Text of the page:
where VBE is the voltage differential between the base and the emitter of a particular transistor, VT is the thermal voltage, IC is the current through the collector of this transistor, AE is the emitter area of this transistor, and JS is the saturation current density of this transistor. Assuming VIN=Vth and ignoring base currents, the collector current of transistor 116 equals
Similarly, the collector current of transistor 118 equals
Assuming that Vbe116 approximately equals Vbe122, one can combine equations , , and  to obtain
The voltage described by equation  appears across resistor 114. Again neglecting base currents, the collector current of transistor 118 equals its emitter current,
Combining equation  with equation  and evaluating at VIN=Vth gives
which is identical to equation . Because the base-emitter voltage of a bipolar junction transistor exhibits a negative temperature coefficient, while the thermal voltage exhibits a positive temperature coefficient, proper selection of resistors and emitter areas will result in a net cancellation of temperature coefficients within equation . The threshold voltage Vth at which the output voltage VO of comparator apparatus 100 switches states can therefore be made substantially independent of temperature. For silicon transistors, this temperature-independent threshold voltage equals approximately 1.22V, a quantity sometimes called the bandgap voltage.
The assumption that Vbe116=Vbe122 used in deriving equation  can be approximately satisfied by selecting the resistances of first impedance 110 and fourth impedance 120 to satisfy the equation
Comparator apparatus 100 can be adjusted to produce a threshold voltage larger than the bandgap voltage while ensuring that this threshold voltage remains substantially independent of temperature by adding a first adjusting impedance 128, a second adjusting impedance 130, and a third adjusting impedance 132. The adjusting impedances should satisfy the equation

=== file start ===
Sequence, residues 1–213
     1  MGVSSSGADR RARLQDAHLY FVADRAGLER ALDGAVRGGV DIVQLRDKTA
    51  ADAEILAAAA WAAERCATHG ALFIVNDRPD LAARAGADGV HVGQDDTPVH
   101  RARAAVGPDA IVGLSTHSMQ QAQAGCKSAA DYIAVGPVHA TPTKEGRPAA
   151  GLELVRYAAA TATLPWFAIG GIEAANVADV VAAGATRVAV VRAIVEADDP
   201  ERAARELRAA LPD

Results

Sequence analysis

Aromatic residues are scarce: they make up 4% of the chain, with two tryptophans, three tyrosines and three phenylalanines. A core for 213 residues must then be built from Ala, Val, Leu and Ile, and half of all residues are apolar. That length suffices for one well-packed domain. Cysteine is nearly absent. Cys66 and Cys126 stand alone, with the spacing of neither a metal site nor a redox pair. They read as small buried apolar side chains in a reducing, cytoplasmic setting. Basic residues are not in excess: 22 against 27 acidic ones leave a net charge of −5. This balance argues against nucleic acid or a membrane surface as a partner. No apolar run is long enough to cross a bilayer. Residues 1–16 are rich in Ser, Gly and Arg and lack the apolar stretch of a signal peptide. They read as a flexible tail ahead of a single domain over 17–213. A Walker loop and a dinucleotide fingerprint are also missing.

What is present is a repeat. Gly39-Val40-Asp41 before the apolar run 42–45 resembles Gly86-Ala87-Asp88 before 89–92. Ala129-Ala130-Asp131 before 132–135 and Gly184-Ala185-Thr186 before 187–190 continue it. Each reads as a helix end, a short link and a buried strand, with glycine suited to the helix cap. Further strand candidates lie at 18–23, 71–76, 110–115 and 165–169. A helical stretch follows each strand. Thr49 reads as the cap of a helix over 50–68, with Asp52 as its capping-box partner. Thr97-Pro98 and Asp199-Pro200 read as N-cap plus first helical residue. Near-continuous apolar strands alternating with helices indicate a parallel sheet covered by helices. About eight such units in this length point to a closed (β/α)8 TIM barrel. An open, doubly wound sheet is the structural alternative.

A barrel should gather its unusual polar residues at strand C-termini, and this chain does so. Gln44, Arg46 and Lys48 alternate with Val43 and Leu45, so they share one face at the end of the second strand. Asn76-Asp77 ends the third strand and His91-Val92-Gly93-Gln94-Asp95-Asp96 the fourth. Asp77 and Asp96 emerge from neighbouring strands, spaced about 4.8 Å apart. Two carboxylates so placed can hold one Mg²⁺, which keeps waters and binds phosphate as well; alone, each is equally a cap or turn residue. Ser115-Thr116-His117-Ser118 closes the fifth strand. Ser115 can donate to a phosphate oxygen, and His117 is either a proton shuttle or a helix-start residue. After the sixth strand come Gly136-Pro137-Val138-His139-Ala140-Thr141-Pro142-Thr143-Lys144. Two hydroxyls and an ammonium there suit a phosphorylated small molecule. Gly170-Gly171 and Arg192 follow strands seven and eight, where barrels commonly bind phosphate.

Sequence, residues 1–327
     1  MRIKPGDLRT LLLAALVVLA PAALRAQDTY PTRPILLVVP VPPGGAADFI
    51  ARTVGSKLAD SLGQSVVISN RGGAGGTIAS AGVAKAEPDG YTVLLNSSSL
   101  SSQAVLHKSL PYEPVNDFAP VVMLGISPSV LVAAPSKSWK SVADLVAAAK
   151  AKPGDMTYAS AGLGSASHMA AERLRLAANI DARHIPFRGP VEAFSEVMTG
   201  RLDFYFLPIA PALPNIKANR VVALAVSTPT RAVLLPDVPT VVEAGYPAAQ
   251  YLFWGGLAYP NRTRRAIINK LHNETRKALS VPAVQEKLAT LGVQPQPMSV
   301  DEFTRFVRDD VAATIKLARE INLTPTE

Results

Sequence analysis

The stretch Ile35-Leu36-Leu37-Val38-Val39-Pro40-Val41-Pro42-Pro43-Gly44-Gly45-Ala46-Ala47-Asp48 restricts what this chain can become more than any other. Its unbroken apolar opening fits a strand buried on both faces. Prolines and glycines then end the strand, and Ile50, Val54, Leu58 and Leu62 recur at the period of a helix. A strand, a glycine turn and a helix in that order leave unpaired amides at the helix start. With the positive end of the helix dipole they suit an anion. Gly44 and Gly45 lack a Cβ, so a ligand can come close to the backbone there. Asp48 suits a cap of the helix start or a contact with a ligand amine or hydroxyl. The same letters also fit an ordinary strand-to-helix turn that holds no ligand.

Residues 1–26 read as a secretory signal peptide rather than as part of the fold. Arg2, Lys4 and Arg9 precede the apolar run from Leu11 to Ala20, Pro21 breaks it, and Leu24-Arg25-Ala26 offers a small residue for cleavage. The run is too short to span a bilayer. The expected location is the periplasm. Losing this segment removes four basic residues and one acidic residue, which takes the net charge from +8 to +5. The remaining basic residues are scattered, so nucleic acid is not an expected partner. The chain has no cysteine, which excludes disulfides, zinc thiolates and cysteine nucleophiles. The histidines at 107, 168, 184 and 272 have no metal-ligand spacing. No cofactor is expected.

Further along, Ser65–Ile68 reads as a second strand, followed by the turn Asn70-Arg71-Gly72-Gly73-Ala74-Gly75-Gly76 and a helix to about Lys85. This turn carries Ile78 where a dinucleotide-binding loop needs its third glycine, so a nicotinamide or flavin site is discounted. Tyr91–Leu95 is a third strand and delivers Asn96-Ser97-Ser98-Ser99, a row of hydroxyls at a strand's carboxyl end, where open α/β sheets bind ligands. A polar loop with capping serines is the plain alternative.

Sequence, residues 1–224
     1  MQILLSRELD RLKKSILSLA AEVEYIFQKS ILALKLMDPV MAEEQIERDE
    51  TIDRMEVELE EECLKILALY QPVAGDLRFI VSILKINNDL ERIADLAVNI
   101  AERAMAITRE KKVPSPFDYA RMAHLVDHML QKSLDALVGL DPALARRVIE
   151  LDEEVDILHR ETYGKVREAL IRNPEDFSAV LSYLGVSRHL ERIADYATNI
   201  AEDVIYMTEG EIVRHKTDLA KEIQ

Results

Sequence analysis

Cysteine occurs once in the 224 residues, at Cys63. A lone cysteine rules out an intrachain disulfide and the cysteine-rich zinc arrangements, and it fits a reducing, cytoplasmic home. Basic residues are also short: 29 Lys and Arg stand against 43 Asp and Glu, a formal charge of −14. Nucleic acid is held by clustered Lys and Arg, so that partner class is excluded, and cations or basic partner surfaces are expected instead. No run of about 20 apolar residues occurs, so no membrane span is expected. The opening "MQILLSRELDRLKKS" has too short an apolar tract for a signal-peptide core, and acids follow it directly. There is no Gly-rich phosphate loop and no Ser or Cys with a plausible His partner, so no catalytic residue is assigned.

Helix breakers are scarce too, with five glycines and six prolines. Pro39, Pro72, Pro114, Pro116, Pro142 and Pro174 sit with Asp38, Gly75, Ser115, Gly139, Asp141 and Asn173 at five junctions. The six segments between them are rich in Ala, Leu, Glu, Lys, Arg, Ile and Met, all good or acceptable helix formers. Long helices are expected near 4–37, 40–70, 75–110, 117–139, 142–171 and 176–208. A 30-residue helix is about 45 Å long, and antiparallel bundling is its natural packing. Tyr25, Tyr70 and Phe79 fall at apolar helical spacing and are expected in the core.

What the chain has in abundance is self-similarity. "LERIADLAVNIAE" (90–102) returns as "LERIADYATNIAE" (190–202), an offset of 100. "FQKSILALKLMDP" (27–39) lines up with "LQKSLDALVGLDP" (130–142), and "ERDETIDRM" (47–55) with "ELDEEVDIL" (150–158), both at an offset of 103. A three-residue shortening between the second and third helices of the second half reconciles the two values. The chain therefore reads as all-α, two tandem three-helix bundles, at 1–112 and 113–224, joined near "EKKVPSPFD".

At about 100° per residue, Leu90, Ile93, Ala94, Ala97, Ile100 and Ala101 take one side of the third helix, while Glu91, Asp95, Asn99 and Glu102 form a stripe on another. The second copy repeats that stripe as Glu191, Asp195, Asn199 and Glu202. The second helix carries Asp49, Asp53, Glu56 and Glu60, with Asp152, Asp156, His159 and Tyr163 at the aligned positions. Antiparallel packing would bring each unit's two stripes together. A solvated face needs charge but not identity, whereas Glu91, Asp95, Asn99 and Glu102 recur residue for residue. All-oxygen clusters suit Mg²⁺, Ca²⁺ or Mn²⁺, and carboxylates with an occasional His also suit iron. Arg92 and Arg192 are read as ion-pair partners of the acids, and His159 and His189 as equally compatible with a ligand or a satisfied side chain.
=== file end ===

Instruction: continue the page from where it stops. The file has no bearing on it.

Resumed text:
where R110 is the resistance of first impedance 110, R128 is the resistance of first adjusting impedance 128, R112 is the resistance of second impedance 112, R130 is the resistance of second adjusting impedance 130, R120 is the resistance of fourth impedance 120, and R132 is the resistance of third adjusting impedance R132. The insertion of the adjusting impedances changes the formula for the threshold voltage to
The inclusion of the adjusting impedances allows the achievement of any desired threshold voltage greater than the bandgap voltage while ensuring that this threshold voltage remains substantially independent of temperature.
Although certain apparatus constructed in accordance with the teachings of the invention have been described herein, the scope of coverage of this patent is not limited thereto. On the contrary, this patent covers every apparatus, method and article of manufacture fairly falling within the scope of the appended claims either literally or under the doctrine of equivalents.